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Campaigning for Humanists UK

Watch Richy Thompson describe the experience of campaigning for Humanists UK
As Director of Public Affairs and Policy, I’m in charge of the team that does all our campaigns work, our legal work, our media work, and we work
across a whole range of issues from: equality and human rights; to secularism, that is, the relationship between the state and various religious and non-religious groups; issues to do with education; and other ethical issues as well, such as assisted dying and abortion. And we do all those things both at a domestic level and to some extent at an international level as well.
I feel like the work we do here at Humanists UK is very much focused on trying to maximize the freedom for everybody so long as that freedom does no harm to others. So freedom of religion or belief across the piste is really important and you can see that, for example, in our international campaigns where we often work for freedom for Christians as well as for the non-religious, or freedom for those of other religions more generally. And at the moment we, the UK, are a state that has a lot of privilege for religion in certain circumstances.
For example, in our formal establishment, and in bishops in the House of Lords, and with Christian collective worship in our state schools, and so in our work we very much try and focus on when, where there’s a difference of treatment on the basis of religion or belief, or where we might have something unique to say as the one national group working on behalf of the non-religious, and that may come across to some as being anti-religious, and attacking the religious but really it’s just trying to maximize freedom for all, and making sure that the humanist view is heard across public life.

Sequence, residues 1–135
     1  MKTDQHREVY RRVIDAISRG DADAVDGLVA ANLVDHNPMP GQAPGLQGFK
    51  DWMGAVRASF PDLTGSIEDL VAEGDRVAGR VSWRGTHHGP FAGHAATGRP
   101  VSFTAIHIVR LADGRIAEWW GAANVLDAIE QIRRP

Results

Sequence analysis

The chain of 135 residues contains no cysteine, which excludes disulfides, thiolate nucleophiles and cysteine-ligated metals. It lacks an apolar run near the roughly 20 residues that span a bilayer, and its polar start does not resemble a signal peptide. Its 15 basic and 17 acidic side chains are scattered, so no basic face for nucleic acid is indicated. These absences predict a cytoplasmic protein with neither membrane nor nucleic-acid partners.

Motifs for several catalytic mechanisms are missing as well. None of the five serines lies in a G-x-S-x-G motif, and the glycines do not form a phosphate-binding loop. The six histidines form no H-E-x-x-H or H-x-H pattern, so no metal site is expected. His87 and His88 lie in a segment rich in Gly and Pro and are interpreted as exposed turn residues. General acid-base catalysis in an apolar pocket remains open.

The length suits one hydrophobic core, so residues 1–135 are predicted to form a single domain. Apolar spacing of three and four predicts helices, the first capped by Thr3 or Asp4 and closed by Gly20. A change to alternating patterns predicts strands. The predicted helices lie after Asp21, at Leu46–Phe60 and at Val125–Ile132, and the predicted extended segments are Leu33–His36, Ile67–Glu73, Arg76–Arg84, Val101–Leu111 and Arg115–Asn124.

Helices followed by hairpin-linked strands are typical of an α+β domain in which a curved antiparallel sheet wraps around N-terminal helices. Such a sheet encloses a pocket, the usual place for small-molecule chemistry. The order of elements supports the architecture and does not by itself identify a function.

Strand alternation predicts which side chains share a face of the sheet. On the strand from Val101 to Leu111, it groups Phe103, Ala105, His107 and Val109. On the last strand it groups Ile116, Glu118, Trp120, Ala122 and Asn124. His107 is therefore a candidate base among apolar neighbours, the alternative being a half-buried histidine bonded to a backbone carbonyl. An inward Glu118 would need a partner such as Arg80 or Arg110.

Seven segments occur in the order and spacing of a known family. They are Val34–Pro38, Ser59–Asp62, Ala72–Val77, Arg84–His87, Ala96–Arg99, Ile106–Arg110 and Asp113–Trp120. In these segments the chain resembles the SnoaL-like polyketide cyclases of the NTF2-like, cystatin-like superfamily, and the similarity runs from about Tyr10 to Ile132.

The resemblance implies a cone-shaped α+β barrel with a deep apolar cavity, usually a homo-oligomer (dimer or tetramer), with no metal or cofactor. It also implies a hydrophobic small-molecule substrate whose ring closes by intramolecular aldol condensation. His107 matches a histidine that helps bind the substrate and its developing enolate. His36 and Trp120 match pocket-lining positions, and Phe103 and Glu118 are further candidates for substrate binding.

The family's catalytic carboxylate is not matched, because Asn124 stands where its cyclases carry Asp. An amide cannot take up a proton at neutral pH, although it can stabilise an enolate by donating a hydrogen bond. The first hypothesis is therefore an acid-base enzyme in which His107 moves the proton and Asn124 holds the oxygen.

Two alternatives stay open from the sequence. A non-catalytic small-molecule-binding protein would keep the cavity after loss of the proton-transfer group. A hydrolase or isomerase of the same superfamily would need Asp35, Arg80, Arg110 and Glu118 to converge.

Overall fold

I think working in public affairs and policy is a really interesting place to work in terms of that when you, when you’re not getting anywhere because you think a certain campaign goal might be even obvious or perhaps it should be easy but you just not achieving it. Sometimes you might feel like you’re really hitting your head against a brick wall just frustratedly going around in circles but at other times you can achieve success and it could be really visible, fantastic, high profile success like, for example, around the teaching of evolution and creationism in schools was something I remember in my first year here, we made a lot of progress on through to just in the last few weeks before this was filmed, humanist participation in the annual remembrance ceremony.
Those successes can be great and you can have a real sense of progress looking back over them and feel that you’ve achieved a lot. I also think that it’s not always entirely predictable as to which campaigns are going to advance and where those successes will be next, and I think that’s part of the enjoyment of working on them in that although perhaps it would be nice if everything went your way, knowing that you’re, you’ve got, you know, you’re trying lots of different things and that some of them will succeed and you want to see how it all pans out, I think that’s the excitement of being a campaigner.
Over my time here, I’ve certainly seen people become more interested in our issues and more aware of the need for things to change, and you really feel like, working here, that we are reshaping UK society for the better
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